The Holocaust: A History of the Jews of Europe During the Second World War

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 The Holocaust: A History of the Jews of Europe During the Second World War 

                                                               by Martin Gilbert

This is the most painful book I have ever read, and one of the most important. Its importance is due not only to the subject but to the way that subject is presented by the writer. Movies, television programs, and books that have dealt with the Holocaust usually encompass only a portion of it. Not that this is illegitimate; Schindler’s List, for example, is a powerful and magnificent film that warrants repeated viewings. The Pawnbroker (1965), though not so well known as Schindler’s List, is another excellent film relevant to this topic. But Martin Gilbert’s work provides a more complete picture.

After a brief look at anti-Semitism’s more remote past, the historian describes the formation and rise of the Nazi Party. Its members, in the aftermath of the First World War, blamed the Jews for every problem that was afflicting Germany at the time. However, there seemed to be little reason for concern, at least initially, on the part of Jewish citizens and non-extremist Germans. But the Nazis eventually made alarming headway; and then came the crucial turning point: when Adolph Hitler, their leader, was appointed Chancellor of Germany:

‘I had been skating that day,’ a ten-year-old Jewish boy, Leslie Frankel, who lived in the village of Biblis, near Worms, later recalled. ‘When I got home,’ Frankel added, ‘we heard that Hitler had become Chancellor. Everybody shook. As kids of ten we shook.’

This brief but telling anecdote is a sample of the book’s overall structure. Gilbert’s arrangement of material, which advances chronologically from 1933 to 1945, is made up in large part of eyewitness accounts. Personal testimonies are often brief but some are lengthy; and the overall effect is traumatic.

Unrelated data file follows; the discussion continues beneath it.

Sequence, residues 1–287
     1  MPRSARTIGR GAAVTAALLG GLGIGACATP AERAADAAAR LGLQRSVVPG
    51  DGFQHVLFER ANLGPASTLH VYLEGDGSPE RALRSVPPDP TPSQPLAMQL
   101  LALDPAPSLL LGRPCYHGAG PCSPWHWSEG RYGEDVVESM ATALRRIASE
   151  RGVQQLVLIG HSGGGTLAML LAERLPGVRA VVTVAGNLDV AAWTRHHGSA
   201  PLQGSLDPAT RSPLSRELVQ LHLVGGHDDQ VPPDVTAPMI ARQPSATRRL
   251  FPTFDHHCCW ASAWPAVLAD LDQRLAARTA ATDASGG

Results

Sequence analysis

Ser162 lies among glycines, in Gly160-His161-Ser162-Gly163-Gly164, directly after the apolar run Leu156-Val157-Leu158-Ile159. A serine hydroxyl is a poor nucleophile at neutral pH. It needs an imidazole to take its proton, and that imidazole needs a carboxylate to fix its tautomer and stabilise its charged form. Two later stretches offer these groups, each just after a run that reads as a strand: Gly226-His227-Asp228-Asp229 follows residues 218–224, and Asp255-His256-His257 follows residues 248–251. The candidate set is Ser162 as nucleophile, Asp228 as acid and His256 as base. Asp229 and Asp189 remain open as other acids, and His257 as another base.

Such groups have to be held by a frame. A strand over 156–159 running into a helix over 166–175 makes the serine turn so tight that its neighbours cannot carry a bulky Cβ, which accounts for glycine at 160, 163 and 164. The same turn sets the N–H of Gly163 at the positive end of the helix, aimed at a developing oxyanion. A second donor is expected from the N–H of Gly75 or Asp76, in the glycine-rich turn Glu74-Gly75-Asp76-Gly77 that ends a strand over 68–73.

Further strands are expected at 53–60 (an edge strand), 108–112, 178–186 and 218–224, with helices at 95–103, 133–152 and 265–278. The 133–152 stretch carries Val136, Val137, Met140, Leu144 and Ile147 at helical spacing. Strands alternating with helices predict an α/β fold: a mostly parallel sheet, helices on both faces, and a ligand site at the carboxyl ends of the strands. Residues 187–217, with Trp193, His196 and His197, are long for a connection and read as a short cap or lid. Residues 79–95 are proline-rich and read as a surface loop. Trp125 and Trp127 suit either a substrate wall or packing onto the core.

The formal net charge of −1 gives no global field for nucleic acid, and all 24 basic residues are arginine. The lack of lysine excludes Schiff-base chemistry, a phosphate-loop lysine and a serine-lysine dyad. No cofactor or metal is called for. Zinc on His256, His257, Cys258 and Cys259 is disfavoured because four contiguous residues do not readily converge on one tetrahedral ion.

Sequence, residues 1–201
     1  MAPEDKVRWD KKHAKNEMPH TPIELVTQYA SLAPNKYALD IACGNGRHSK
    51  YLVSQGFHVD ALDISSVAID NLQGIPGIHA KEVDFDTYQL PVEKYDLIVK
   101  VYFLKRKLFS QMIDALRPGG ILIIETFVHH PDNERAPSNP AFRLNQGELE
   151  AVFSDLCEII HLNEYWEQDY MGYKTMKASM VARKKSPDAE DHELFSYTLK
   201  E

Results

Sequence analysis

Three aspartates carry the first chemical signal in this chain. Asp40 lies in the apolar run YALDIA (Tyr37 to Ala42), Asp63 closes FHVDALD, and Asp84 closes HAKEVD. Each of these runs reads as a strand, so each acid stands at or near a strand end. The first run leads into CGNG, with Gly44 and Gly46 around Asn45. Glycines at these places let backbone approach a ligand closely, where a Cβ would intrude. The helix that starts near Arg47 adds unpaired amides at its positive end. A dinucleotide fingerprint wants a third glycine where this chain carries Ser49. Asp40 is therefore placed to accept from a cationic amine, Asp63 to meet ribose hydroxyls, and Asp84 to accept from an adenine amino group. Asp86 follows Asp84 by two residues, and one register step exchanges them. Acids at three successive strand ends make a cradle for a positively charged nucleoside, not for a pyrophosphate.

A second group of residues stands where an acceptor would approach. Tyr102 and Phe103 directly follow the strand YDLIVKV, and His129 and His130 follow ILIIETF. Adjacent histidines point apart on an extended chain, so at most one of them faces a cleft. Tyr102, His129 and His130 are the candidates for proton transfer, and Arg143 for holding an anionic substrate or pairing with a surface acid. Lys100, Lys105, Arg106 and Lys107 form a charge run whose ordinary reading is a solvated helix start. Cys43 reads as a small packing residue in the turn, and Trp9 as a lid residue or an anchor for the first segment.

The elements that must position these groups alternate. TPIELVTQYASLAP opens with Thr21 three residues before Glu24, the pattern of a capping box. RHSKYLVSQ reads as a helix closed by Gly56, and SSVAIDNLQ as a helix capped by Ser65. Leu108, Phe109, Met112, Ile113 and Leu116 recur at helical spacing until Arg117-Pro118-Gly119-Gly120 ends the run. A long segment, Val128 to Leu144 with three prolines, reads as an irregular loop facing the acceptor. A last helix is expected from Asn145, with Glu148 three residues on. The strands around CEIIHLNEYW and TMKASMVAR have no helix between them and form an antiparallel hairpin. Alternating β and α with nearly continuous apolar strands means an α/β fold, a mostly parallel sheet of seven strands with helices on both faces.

Even so, despite the mind-boggling horror that is present on nearly every page, many sources of light appear in the darkness. Oscar Schindler was not as unique as many people suppose. Jewish victims of the Nazis were frequently helped, sheltered, and saved by non-Jews who risked their lives in the process. Actions spoke louder than words in most instances, although voices did speak out. Churchill, for example, in the House of Commons in 1942:

‘This tragedy [specifically, the mass deportation of Jews from France] fills me with astonishment as well as with indignation, and it illustrates as nothing else can the utter degradation of the Nazi nature and theme, and the degradation of all who lend themselves to its unnatural and perverted passions … When the hour of liberation strikes Europe, as strike it will, it will also be the hour of retribution.’

The Jews themselves, in spite of being utterly overwhelmed, would often defy their persecutors; sometimes by simple expressions of human dignity while facing imminent death, and sometimes by heroic acts of revolt.

Again, this is a painful read; and also lengthy. But for anyone who wants to know the whole story of the Holocaust—insofar as that is obtainable to mere readers of history—Martin Gilbert’s work is invaluable.